The third element is trying to provide opportunities for young people specifically to make a difference. So, we have a series of awards that recognize young people who’ve gone out and done something that’s very specific, that’s called the Seen and Heard awards, which I mean we can talk about. Also, we encourage people to discuss things and opportunities amongst themselves. We work closely with the UKYP for instance, because there’s an organization that recognizes it’s probably a little bit middle class to a lot of young people. But it’s going out and seeking the views of the range of young people that you’ve got from those that are under terrible circumstances, finding it really hard to survive right up to the people that are currently going through schools; whether they’re grammar schools or what have you. And we encourage them to try and do something that actually is going to make a difference to the planet.

DK: Ok man and you’ve mentioned about the Seen and Heard Awards, now that’s the kind of exciting bit for me. Tell me a bit about what that it and what it does.

Dave Hancock: Okay. Well the Seen and Heard Awards are recognition that we give to young people every year. And these are young people that have had an idea or responded to a need in their local community or their school and actually done something to make some changes.

Take for example, there are young people that have decided it would be good to have a recycling scheme and I can think of one of the top of my head where a young girl decided to recycle batteries there at her local school. And this was then adopted and taken up by lots of other schools in the area.

So we’re looking for kind of ideas that will then get rolled out. And we encourage those ideas to be rolled out by the skills that I suppose that BT has, because we’ve got quite a wide range and quite a wide reach. And this year what we’ve done differently is we’ve actually started to talk to these young people about what skills and qualities specifically have they used to kind of make a difference in their local community.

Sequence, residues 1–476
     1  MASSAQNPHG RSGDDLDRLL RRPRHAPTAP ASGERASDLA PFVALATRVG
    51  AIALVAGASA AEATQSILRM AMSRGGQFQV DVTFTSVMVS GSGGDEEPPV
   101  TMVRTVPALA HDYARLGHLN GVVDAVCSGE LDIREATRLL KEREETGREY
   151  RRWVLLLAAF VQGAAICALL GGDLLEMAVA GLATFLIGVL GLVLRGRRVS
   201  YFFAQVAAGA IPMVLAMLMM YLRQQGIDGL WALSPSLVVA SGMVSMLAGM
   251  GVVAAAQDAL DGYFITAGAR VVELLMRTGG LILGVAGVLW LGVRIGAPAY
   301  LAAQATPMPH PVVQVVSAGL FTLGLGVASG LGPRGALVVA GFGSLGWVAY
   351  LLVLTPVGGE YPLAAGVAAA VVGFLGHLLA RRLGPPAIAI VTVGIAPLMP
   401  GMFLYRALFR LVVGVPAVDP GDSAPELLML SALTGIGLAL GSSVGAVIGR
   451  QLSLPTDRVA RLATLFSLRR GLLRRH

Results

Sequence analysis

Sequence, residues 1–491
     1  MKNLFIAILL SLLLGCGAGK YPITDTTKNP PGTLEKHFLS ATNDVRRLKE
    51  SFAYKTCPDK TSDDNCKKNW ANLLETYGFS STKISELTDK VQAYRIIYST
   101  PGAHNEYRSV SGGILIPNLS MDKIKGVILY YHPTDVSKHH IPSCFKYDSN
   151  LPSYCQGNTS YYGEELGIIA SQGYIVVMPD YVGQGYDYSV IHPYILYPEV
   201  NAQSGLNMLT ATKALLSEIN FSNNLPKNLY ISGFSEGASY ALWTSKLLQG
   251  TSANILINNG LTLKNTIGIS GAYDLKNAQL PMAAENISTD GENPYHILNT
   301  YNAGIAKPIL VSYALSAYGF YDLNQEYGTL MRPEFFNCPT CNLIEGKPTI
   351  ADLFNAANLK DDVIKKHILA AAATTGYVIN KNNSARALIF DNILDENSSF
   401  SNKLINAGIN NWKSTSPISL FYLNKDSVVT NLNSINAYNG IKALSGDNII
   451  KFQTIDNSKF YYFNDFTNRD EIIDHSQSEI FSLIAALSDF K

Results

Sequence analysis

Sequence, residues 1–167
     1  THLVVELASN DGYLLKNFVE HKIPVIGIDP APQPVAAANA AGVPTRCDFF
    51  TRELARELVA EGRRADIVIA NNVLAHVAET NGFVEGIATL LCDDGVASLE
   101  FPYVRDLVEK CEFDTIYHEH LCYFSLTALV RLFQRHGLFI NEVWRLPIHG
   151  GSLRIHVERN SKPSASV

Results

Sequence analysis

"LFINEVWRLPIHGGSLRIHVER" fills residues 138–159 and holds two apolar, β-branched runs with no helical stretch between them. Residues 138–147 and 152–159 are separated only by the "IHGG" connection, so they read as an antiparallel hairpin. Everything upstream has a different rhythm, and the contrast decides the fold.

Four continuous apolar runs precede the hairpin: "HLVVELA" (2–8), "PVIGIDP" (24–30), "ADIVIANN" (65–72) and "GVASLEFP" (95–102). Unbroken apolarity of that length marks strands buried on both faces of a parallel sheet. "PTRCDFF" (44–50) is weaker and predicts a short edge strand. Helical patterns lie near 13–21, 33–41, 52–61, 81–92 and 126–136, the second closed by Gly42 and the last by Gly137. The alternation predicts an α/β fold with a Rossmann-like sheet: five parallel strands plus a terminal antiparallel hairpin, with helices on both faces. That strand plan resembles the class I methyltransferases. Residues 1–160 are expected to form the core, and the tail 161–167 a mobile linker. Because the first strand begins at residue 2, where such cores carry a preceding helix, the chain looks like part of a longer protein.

So we promote the Seen and Heard awards and we ran an event the other day for instance, where we got three young people that had won awards in the past for a variety of things. One of them had actually started up a new company and then we provided an opportunity for young people in London that these are school people that live in London to actually come along and have an audience with them and we can ask them questions and hear what they’ve done and what they’ve managed to do, which is very inspiring for people to realise that you can actually do all sorts of things even if you are not necessarily academically gifted.

DK: And there’s an emphasis on speaking and listening when you kind of read the Better World Campaign. But I know it’s flavored with this kind of rhetoric around the digital age and I know as BT you’re a progressive company in that regard take technology very seriously. How are you kind of weaving that into the stuff and the campaign as a whole?

Dave Hancock: Well the critical things for us at BT is actually what you pointed out. We’re a networking and an IT company. But one of the things that we recognize\se is that people still need communication skills to be able to use the technology. I mean, just imagine that we didn’t even need wires in any way to talk to people. We could do it extrasensory perception. We could just think. We would still need to say, “Hello, Man. How are you? I’ve been doing this. I’ve been doing that.”

DK: Course.